We should give a little credit to MS Dhoni for the extent of his achievement in the least promising of circumstances.
Dhoni, the Indian captain on one of the most misbegotten tours in the history of what used to be the most respected form of cricket, had after all produced a parody of leadership before the third Test started here.
So badly had he played the roles of batsman, wicketkeeper and captain he might well have been hanged in effigy in some of the great cities of the subcontinent back in those days before the cheap thrills of the Twenty20 Indian Premier League had become the most reliable barometer of success back home.
Yet his impact could hardly have been more positive yesterday when most of his men appeared to be in the last throes of abdication as the world's best Test team.
What Dhoni pulled off was a stupendous feat of memory. He remembered who he was and what kind of team he was supposed to be leading.
India were 92 for five when he walked to the wicket in early afternoon yesterday and once again the England bowlers had produced both brilliant application and impressive technique. When he left India were hardly resurrected defenders of the No 1 world ranking, having failed for a fifth successive occasion to either score 300 runs or survive more than 100 overs, but though Stuart Broad and Tim Bresnan had both claimed four wickets Dhoni had breathed at least a little life back into arguably the worst prepared team in the annals of front-rank Test cricket.
They were all out for 224 after Dhoni hit 77 runs off 96 balls and smashed three sixes. This may not have been a Himalayan achievement from the team which so brilliantly supplanted the great Australian team of Ponting, Warne and McGrath at the top of the world rankings, but chiefly through their 30-year-old captain they did something to deflect charges that their preparation for the title defence had come perilously close to fraud.
That suspicion inevitably flared again when Virender Sehwag arrived for his much heralded first contribution to the series. Delayed by the need for shoulder surgery, which was put on hold while he fulfilled his lucrative IPL deal, Sehwag arrived as the putative saviour.
He left, like another titan of the pyjama game, the broken Zaheer Khan, who pulled up on the first day of the first Test at Lord's, as the latest evidence that this Indian team had quite shamefully neglected their responsibilities.
Khan lasted less than a day. Sehwag was around for one ball. It was delivered by Broad and was far too good for a batsman who had been given just two days against Northants as preparation for the Test which could now so easily be the one which lifts England above all rivals.
When Sachin Tendulkar soon returned to the pavilion after scoring just one run, and so tentatively it seemed he had as much chance of turning England into a land filled with wall-to-wall neighbourliness as scoring his 100th international century here, and his great contempories Rahul Dravid and VVS Laxman could produce only a combined total of 52 runs, you knew that this was still another day when the home team would once again draw up the agenda.
In the end the scoreboard yet again said as much. For those in India who still believe in both the beauty and the supremacy of cricket's long game it must have been as depressing as the great plumes of acrid smoke moving across the city. They rose from a scrapyard fire which the police deemed to be "unsuspicious".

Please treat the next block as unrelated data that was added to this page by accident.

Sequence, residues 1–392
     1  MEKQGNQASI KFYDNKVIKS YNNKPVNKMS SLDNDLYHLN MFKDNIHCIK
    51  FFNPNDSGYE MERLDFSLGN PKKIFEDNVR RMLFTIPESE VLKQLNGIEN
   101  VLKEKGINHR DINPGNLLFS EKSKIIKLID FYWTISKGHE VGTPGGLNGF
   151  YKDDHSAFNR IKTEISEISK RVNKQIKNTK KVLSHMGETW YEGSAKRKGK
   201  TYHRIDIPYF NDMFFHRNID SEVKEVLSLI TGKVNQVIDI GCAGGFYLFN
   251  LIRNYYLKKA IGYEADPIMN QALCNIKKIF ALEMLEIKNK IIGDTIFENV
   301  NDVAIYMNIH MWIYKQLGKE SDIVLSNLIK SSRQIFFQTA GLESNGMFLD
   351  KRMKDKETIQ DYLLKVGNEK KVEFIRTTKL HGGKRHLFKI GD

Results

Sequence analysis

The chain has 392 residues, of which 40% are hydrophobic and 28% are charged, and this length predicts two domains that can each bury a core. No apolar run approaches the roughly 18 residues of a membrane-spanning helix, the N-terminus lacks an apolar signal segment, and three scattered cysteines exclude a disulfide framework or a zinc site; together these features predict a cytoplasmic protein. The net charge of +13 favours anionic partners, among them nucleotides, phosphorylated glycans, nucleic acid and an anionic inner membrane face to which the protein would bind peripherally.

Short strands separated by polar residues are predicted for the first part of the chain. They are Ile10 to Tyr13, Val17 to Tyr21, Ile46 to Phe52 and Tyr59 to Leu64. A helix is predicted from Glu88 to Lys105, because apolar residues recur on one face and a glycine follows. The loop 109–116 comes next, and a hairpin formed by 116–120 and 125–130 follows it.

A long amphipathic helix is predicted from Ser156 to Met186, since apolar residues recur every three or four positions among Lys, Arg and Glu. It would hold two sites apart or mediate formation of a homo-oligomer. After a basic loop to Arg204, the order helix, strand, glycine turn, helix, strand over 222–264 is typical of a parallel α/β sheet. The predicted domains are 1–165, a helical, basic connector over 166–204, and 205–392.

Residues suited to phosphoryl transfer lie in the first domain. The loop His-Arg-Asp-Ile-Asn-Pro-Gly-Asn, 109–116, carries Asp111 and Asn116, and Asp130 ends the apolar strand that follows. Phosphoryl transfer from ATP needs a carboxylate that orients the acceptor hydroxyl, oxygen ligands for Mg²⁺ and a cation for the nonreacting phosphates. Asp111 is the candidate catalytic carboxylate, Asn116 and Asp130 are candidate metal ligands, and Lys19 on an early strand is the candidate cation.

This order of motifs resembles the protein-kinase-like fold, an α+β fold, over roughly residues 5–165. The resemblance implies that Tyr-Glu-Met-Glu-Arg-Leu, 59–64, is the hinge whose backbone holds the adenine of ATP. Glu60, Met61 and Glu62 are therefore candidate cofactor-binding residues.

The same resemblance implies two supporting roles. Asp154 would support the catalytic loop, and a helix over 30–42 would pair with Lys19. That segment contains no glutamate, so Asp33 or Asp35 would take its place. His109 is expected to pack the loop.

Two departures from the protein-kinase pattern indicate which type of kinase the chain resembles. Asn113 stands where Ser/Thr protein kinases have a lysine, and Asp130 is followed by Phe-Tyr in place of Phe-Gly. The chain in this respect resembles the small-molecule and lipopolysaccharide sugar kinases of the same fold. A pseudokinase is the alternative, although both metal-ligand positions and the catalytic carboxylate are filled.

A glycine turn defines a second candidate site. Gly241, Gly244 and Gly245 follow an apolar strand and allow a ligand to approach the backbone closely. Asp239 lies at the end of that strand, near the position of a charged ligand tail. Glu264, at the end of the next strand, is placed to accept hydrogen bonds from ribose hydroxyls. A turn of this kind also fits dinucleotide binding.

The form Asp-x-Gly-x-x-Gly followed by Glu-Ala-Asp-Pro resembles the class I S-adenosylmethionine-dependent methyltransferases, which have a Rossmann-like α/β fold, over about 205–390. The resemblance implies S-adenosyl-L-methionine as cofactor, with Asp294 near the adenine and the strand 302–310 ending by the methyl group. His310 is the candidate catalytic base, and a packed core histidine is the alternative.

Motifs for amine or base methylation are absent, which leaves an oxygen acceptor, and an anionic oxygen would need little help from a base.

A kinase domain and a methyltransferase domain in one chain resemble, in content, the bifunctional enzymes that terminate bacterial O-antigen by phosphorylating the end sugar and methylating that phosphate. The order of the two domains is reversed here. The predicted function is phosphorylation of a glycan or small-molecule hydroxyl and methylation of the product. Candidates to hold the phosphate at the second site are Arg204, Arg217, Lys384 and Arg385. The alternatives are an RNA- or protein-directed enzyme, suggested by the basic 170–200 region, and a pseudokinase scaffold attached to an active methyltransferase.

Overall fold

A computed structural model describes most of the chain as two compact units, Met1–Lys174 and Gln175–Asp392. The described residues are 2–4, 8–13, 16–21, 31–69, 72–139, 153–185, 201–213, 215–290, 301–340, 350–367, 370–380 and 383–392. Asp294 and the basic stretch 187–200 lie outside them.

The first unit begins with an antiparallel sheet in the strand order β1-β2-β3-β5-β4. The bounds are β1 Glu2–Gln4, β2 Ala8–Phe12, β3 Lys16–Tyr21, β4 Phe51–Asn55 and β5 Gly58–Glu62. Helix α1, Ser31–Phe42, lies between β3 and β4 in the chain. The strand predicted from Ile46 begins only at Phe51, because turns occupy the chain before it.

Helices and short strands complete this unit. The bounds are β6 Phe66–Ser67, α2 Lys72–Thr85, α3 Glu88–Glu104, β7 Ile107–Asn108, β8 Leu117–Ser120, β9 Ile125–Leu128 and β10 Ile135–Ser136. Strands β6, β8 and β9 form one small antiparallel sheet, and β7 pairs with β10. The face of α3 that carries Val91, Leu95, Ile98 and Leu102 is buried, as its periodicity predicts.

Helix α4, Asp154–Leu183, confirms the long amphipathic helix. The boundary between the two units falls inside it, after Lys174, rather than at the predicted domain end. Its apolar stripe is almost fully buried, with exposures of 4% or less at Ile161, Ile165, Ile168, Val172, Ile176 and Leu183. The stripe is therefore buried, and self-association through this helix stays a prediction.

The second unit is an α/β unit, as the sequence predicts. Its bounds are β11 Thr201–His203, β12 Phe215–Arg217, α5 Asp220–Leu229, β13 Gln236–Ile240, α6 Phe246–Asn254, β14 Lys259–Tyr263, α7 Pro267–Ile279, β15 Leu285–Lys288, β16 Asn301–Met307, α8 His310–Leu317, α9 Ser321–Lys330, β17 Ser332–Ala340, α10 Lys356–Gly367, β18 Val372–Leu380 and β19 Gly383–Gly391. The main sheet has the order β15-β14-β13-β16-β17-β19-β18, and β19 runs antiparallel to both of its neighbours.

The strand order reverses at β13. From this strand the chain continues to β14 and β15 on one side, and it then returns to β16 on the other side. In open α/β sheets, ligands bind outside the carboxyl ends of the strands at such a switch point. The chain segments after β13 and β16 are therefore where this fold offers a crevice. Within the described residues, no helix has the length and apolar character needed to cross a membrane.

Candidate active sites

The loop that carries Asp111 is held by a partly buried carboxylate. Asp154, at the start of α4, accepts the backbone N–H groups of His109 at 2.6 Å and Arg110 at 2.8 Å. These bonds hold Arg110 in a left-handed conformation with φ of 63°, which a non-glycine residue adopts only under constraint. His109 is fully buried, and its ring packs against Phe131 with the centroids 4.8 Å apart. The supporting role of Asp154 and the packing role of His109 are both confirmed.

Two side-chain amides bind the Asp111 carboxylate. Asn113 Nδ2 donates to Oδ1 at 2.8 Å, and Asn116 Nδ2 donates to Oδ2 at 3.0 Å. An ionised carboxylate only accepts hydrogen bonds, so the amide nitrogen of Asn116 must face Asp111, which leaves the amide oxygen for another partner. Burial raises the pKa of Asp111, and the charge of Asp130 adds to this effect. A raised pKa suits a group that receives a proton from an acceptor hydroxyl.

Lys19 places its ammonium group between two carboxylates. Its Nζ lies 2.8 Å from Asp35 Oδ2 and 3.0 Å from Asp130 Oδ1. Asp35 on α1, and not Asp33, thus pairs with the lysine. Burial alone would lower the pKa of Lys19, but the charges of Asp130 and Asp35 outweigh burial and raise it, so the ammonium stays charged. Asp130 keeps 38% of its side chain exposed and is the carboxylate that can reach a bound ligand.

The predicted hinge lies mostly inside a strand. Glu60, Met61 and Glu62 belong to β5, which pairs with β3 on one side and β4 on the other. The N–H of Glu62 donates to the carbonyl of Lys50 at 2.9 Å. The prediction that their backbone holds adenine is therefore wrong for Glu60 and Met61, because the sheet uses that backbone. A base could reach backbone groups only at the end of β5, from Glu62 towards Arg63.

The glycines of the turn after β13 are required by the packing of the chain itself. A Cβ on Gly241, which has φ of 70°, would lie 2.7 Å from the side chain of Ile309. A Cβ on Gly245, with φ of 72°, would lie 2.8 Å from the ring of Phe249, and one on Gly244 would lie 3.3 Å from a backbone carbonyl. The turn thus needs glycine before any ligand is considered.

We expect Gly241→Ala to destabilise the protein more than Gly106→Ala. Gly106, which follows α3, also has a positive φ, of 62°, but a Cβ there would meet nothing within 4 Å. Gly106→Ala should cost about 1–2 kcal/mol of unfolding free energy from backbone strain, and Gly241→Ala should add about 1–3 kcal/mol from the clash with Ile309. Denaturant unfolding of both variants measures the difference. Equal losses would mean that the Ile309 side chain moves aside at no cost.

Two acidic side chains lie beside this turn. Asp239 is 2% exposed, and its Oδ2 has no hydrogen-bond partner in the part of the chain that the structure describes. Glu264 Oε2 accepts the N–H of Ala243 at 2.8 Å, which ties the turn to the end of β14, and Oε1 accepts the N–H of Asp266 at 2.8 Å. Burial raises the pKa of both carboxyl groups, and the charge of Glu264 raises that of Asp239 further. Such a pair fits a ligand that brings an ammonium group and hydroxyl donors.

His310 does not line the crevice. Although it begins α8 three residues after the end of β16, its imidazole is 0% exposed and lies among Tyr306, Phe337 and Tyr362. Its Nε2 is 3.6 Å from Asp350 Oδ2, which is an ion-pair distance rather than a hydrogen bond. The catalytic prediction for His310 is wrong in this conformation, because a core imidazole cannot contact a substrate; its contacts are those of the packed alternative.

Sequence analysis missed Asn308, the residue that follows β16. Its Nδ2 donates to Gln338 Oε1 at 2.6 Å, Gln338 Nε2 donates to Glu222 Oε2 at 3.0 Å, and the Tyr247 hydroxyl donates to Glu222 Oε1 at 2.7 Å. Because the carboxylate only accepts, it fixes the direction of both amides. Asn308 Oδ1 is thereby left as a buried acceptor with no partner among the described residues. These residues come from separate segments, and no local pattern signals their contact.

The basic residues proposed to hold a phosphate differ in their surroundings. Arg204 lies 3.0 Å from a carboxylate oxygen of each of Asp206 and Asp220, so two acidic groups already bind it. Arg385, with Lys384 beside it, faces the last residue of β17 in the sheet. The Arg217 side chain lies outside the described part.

Against India, though, the charge remained emphatic. It was that they had come here completely unconditioned for the local challenge. Zaheer's breakdown was one statement, Sehwag's implosion another.
Only Dhoni, with some considerable help from his big-hearted seam bowler Praveen Kumar, stood up against the crushing indictment. Plainly, he came out to fight and he did it with such commitment and relish that it was hard to believe he was the same man who had subsided so meekly at Lord's and Trent Bridge.
He was much more the man who led India to their superb World Cup victory. Yesterday such possibilities were beyond him. However, he could still call up a little pride and a little fight.
Dhoni couldn't transform this potentially important series into anything like a meaningful test of which cricket nation has the right to be called No 1. All he could do was remind us that Indian cricket should have been so much better than the masquerade of this summer. As Strauss and Alastair Cook batted with mocking serenity last night, the black smoke in the sky had cleared. Unfortunately, the scandal on the ground had not.
Stats magic The numbers that matter from day one
5 Bowling first after winning the toss used to be a rarity. Not any more. It has now happened five times in six Tests this summer – and not yet paid a victory dividend.
5 India have played five Tests at Edgbaston before this one and have failed to win any of them.
8 England have eight players 'long-listed' for the International Cricket Council's Cricketer of the Year award. Jonathan Trott and Graeme Swann, nominated in three categories, are joined in the hunt for the main prize by Jimmy Anderson, Ian Bell, Stuart Broad (above), Alastair Cook, Andrew Strauss and Chris Tremlett. The winner will be announced at a ceremony in London on 12 September.
1 India may not be No 1 for much longer but they have created another first through their captain, MS Dhoni, declining to do interviews with television and radio rights holders after the toss.
119 Sachin Tendulkar has made the century everyone expected of him when this series began. But an aggregate of 119, in five innings, is not what India, and their countless millions of fans, had in mind.Reuse content